Cuttin-Edge, On-the-Spot Reporting

Have You Seen?


It was the kind of serendipity I couldn’t ignore. The room next to mine was hosted by American Sound of Canada, a Canadian distributor with a bricks-and-mortar presence just outside of Toronto, which is where I live.


I’ve crossed paths with Angie Lisi, president of American Sound, on many occasions, but have never had the opportunity to write about any of her company’s products. So American Sounds’ proximity to my sleeping room and the fact that they were playing Avantgarde Acoustic’s UNO SD speakers ($35,000 per pair, all prices in USD), which have been close to my heart since the late 1990s when I first heard them at a store near my house, made it all come together.

Here, the UNO SDs were being driven by Phasemation MA-1500 mono amplifiers ($30,000 per pair), each rocking one 300B tube for a tidy 10W. Phasemation also performed preamp duties via its CM-2200 preamplifier ($26,000).


The dynamic shadings of Piazzolla’s Tango: Zero Hour were highlighted, maybe even exaggerated by the Avantgardes, which could go from a whisper to a hurricane roar in an instant. “Milonga del Ángel” was smooth as butter, rising and falling without ever breaking into a gallop, and the Avantgardes projected concise images of the bandoneon and violin, with more emphasis on the overall shape of the instruments than on the outlines. The next track, “Concierto Para Quinteto,” is more frenetic, and here the Avantgardes came into their own, slamming out dynamic peaks in the way only horns can.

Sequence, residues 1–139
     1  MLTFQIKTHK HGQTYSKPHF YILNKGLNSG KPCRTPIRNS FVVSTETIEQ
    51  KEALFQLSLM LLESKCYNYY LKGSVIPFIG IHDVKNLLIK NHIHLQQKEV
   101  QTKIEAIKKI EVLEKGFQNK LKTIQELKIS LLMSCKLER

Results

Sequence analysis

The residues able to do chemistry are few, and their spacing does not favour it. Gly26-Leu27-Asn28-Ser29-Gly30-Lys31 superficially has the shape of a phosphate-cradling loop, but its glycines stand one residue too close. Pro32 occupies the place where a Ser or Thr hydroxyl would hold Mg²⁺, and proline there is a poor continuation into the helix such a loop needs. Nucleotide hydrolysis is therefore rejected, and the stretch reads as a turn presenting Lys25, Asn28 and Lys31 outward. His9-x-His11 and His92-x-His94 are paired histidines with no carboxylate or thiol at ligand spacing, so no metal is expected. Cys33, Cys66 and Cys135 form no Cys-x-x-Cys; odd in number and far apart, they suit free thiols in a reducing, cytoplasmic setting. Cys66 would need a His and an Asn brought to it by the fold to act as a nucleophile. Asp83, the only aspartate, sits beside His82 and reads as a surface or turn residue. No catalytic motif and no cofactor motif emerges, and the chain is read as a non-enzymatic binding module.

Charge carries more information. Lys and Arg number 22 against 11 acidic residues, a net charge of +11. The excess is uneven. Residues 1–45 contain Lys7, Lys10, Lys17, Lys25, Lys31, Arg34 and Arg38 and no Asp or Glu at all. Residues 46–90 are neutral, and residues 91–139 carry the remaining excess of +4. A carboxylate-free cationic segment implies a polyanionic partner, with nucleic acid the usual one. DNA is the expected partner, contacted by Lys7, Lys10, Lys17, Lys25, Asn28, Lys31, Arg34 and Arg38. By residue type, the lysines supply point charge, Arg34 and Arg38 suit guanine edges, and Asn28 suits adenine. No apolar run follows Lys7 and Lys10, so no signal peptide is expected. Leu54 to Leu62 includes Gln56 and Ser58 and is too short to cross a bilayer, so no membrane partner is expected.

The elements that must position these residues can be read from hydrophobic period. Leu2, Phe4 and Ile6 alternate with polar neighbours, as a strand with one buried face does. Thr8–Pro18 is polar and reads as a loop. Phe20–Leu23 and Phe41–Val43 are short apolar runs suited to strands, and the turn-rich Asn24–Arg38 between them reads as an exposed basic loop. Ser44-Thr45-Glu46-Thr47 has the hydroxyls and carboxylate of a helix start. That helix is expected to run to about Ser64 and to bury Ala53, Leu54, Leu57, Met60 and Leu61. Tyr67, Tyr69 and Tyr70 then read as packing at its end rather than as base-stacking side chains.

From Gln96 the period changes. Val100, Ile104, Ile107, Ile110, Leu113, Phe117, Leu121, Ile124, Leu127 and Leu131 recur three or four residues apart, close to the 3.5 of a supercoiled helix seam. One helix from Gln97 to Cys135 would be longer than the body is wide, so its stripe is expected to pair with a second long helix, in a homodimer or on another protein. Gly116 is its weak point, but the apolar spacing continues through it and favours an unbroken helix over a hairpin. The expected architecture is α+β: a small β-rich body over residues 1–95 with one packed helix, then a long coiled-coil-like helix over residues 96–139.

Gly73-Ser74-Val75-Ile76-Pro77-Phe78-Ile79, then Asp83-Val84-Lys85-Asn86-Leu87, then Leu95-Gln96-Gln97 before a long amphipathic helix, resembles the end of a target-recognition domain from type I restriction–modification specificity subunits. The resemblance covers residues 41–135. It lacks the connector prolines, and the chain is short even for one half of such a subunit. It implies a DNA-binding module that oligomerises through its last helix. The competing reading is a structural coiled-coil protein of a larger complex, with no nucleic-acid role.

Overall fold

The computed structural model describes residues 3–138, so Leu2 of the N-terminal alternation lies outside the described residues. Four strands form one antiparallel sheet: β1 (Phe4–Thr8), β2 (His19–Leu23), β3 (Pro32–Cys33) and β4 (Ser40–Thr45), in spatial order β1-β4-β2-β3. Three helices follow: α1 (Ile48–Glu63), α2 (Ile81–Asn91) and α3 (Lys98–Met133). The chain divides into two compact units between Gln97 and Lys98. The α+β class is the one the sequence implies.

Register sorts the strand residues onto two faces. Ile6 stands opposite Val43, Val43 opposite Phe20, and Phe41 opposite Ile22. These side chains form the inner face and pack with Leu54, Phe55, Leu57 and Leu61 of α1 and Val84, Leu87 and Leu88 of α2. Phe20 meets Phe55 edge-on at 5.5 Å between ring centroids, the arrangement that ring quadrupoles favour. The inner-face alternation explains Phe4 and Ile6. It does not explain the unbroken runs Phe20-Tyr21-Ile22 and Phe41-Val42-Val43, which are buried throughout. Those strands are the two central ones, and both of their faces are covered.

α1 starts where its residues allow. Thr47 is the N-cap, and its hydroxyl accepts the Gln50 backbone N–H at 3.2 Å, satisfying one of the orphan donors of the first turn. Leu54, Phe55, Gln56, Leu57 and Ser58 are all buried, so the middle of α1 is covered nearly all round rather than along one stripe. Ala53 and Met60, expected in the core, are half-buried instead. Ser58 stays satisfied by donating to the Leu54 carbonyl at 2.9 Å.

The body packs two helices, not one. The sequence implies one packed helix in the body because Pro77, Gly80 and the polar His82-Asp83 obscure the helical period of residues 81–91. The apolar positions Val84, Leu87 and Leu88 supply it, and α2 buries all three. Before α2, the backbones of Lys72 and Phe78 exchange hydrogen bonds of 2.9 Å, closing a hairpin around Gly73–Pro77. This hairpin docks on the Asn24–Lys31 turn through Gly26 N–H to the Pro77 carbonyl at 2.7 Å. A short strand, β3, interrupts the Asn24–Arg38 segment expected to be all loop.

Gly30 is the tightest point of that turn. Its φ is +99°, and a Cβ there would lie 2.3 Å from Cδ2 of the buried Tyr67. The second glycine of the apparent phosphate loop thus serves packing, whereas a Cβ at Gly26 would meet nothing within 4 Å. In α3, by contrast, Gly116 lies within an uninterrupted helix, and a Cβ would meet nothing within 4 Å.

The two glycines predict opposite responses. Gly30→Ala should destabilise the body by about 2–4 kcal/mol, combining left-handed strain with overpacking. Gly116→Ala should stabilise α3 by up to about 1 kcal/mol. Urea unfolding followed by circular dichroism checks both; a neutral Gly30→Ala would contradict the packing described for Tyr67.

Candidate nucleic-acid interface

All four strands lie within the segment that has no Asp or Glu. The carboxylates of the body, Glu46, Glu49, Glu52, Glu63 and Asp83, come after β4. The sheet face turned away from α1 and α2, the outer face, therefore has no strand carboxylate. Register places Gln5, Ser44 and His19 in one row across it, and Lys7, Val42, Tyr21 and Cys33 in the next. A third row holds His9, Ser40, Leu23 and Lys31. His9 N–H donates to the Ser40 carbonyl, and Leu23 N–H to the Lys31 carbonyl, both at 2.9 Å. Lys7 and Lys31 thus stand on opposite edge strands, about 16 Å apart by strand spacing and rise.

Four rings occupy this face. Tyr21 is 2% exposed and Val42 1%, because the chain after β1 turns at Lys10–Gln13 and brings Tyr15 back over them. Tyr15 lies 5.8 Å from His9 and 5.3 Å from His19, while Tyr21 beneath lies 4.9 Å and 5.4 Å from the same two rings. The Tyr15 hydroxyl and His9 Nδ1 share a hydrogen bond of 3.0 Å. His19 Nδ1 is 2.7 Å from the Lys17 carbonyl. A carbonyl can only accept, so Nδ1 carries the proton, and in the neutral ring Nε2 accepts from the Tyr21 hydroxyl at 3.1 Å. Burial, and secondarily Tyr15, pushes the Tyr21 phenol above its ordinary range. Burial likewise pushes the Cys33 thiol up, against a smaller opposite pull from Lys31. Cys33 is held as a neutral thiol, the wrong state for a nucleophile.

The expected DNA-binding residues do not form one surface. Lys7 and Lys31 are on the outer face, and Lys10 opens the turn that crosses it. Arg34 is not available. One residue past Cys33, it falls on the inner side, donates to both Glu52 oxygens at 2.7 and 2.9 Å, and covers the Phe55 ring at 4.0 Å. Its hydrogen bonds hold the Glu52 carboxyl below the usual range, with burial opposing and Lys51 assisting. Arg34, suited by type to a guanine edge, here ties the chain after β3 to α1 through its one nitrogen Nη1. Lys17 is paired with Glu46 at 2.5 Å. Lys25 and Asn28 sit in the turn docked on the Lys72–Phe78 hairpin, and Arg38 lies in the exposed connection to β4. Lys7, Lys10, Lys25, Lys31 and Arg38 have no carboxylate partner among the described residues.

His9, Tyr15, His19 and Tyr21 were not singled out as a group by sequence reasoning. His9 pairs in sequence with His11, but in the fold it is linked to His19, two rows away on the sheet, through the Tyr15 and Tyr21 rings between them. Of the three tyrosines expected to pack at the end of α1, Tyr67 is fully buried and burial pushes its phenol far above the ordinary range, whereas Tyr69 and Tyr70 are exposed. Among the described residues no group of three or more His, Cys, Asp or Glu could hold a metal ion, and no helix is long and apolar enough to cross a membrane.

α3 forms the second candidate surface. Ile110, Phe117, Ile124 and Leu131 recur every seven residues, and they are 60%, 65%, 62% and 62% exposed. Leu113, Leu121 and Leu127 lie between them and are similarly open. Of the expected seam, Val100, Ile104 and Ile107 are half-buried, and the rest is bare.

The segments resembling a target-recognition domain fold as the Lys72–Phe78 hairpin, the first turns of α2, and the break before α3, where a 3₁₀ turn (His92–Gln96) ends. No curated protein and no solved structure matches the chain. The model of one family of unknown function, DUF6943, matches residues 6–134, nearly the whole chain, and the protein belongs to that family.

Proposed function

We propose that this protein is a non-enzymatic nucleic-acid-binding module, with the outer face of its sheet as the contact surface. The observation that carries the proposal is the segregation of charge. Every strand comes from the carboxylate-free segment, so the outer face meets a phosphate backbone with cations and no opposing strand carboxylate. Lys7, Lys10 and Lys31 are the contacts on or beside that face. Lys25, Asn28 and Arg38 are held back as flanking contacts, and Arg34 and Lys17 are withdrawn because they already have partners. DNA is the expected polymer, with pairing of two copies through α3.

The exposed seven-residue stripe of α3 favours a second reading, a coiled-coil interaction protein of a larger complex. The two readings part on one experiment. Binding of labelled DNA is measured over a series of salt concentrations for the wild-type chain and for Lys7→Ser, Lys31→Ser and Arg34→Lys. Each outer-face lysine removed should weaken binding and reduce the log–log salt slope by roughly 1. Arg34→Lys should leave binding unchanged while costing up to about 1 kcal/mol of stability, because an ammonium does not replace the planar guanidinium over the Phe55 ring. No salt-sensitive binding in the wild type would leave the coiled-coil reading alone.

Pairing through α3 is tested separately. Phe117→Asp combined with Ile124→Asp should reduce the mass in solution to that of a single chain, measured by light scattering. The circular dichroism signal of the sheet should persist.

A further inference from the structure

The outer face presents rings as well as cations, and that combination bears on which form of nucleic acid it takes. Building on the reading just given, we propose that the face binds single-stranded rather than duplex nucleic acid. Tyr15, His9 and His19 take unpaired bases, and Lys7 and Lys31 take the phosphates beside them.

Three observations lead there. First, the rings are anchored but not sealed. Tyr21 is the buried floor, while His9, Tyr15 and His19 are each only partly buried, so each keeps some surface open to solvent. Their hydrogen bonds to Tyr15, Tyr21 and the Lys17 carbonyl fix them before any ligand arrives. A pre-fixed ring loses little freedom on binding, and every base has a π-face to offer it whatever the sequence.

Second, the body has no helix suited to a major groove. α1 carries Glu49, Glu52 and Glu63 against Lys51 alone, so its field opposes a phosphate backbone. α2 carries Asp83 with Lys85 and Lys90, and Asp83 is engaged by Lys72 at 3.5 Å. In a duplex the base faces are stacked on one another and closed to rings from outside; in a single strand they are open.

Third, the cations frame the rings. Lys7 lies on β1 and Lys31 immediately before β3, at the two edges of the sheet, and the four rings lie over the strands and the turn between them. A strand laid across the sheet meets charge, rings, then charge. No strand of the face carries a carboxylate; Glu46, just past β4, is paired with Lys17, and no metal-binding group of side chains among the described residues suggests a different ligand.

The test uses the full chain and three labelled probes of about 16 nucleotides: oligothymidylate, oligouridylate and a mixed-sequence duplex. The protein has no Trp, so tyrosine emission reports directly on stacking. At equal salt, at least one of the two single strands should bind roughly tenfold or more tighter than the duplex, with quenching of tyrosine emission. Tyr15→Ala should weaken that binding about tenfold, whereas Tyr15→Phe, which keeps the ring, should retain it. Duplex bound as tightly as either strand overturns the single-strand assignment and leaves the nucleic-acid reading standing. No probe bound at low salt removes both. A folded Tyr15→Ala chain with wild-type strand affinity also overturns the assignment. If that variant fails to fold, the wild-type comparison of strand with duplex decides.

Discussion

In some ways, listening to a pair of Avantgardes at full chat is something of an assault. It’s kind of that Maxell-blown-away experience that only a big-ass pair of horns can provide. But here, with the UNO SDs, their internal subwoofers added a grip to the bottom that reinforced the overall feeling of power that these frightening speakers can project.


Case in point: Dead Can Dance’s Into the Labyrinth reproduced courtesy of the uniquely Canadian Oracle Delphi MkVII ’table loaded with an Analog Relax EX300 cartridge on a Glanz tonearm. The phono stage here was a Phasemation EA-550, with the whole analog front end coming in at a cool $38,000.

There’s serious low-end lurking everywhere on this album, and the UNO SDs’ subs nailed it, ripping off huge waves of tight, room-hugging bass.

Lisi was playing music at fairly high levels, and sometimes the Avantgardes could snap off a transient that was a touch bitey—but that’s a feature, not a bug. It’s what these horns can do. They project music with realistic dynamics, and occasionally that can make you jump. It’s part of the charm.


As I was sitting there just loving the sound, I thought to myself, Hey, I’d just love to have these in my room. Wait a second! I’m a reviewer! I turned to Lisi and asked her about acquiring a review pair. “How about this coming June?” she responded.

Life is good.

Jason Thorpe
Senior Editor, SoundStage!